On the other hand, THIS is a magnificent opening! I was just fourteen when I read it in high school, but I still remember. Put on your best Louisiana accent and read it aloud to yourself. If you have any ear for things like rhythm and cadence you'll immediately recognize you're reading the prose of a master poet.

- oddjob

9:50 AM  
Blogger The Minstrel Boy said...

agreed. one of my favorites, along with "elmer gantry" and, i haven't been able to find it recently but there is a raymond chandler passage that describes what happens to l.a. when the santa ana winds start blowing. how arguments turn into murders, how sparks become conflagrations. . . brilliant stuff

10:30 AM  
Anonymous Anonymous said...

I think I've read that before. The writer makes some sort of comment about the wife eyeing the knife while toying with fantasies of murdering her husband, all on account of the santa ana, right?

- oddjob

7:45 PM  
Blogger The Minstrel Boy said...

that's exactly the one. it's some gorgeously effective writing.

8:25 PM  
Blogger BadTux said...

Chandler's writing is generally gorgeously effective writing to begin with. I wish I could write like that. I remember a passage in one of his novels, ah, "The Long Goodbye" I believe, where our hero watches a bug walk across a windowsill. The bug is described in loving detail as a police detective grills him. I liked it so much that I must admit I lifted the general idea for a passage in one of my novels where my protagonist suffering from PTSD is talking to a vet with PTSD well sorta talking around the vet if you know what I mean (sort of hard to say you're talking "to" someone if you're watching a bug crawl on the pavement not to mention that both of them kinda talked around the elephant if you know what I mean). It just so aptly summed up the feelings of the protagonist (i.e. as a bug about to be splattered under the heel of forces that he did not understand but that he knew were much bigger than him). Reminds me that it's time to re-read Chandler...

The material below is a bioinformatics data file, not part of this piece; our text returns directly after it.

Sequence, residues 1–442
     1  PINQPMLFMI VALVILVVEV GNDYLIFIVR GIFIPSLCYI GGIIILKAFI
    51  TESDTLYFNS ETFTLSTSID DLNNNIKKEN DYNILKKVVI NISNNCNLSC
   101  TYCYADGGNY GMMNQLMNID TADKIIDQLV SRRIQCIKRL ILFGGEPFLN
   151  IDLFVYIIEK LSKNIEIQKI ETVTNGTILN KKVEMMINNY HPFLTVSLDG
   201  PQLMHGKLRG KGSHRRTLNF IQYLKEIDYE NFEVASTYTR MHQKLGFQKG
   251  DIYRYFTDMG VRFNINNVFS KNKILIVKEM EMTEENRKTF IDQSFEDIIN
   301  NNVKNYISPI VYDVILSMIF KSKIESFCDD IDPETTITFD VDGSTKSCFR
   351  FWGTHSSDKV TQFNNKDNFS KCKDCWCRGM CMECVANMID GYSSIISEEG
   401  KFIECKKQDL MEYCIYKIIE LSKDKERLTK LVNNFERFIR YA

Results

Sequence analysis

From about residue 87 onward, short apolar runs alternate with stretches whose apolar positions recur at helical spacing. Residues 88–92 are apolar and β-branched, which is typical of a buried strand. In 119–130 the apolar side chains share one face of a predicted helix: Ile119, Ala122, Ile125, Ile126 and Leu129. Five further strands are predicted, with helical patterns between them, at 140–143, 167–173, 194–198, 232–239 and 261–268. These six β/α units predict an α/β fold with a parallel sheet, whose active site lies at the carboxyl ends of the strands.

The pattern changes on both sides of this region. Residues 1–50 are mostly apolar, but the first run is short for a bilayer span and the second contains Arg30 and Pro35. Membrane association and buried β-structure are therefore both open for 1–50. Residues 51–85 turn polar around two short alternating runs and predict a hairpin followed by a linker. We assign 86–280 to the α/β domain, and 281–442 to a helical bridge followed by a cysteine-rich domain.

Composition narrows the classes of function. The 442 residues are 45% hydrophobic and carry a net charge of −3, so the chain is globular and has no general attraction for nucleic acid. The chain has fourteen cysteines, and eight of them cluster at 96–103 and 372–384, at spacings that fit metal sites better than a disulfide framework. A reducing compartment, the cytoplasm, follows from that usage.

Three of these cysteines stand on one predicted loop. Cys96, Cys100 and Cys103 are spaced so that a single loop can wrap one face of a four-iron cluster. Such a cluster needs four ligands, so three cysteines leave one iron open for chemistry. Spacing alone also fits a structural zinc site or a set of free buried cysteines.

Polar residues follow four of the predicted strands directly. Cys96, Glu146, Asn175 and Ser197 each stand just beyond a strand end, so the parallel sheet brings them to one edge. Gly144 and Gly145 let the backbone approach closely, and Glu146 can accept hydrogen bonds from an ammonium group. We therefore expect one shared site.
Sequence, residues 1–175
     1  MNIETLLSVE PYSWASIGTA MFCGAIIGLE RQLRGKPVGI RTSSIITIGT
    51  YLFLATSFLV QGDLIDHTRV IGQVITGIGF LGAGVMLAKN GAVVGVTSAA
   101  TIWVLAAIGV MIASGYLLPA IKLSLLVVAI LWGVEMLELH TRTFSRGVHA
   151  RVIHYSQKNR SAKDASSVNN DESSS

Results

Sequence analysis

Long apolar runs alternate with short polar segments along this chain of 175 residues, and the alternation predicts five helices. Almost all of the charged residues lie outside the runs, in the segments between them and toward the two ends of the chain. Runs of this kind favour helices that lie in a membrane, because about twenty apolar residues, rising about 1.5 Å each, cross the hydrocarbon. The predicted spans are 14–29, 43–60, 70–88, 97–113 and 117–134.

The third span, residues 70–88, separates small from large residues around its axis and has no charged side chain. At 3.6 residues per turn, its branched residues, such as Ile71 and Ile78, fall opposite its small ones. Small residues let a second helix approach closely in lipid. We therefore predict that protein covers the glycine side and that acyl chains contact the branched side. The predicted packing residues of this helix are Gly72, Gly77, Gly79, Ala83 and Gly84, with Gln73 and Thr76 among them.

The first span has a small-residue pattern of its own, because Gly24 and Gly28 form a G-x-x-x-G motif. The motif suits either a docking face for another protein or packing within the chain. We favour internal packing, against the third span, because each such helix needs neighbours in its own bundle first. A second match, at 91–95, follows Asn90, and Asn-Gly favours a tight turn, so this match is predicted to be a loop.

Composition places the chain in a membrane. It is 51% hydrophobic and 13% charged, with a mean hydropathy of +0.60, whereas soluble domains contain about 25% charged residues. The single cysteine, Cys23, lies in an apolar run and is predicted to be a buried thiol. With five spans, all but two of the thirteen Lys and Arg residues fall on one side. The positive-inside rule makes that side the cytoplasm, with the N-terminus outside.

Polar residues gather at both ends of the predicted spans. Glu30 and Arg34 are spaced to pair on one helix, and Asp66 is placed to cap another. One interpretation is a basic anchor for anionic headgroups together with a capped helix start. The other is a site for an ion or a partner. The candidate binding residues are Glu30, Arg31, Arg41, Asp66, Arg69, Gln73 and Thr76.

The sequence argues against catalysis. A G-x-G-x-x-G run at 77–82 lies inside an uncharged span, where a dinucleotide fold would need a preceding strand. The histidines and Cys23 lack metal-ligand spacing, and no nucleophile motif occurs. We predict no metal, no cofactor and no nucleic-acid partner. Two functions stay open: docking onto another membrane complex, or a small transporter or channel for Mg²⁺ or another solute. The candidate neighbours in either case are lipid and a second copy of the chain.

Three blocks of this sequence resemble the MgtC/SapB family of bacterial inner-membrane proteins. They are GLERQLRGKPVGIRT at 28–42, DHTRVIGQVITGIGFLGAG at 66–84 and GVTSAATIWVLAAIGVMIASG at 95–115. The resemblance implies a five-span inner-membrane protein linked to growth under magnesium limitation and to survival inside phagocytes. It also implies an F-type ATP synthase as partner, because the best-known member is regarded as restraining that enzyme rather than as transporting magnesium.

Oddjob, just open Huckleberry Finn somewhere near the middle. My bet is that you will be laughing your head off within five pages, and then the rather sluggish beginning will seem not such a bad price to pay to get to that payoff. (The beginning does the setup, but you don't need to know it in order to have fun downriver).

As for All the King's Men, in Louisiana it was generally considered to be a hatchet job against Huey Long years after he was no longer around to defend himself, so I avoided it and instead turned to reputable historians when I wanted to learn about Huey. That's the problem with using an easily identifiable person as your template for a novel, especially when you're doing it fairly close after the death of the man. It'd be as if I wrote a novel with a barely disguised George W. Bush as the main character... somehow, I doubt that it'd turn out being anything other than a hatchet job no matter how "fair" I tried to be.

-BT

12:44 AM  
Anonymous Anonymous said...

BT, don't worry about whether it's a hatchet job or not. It's a worthy read as a novel, regardless of how you feel about Long.

- oddjob

5:45 AM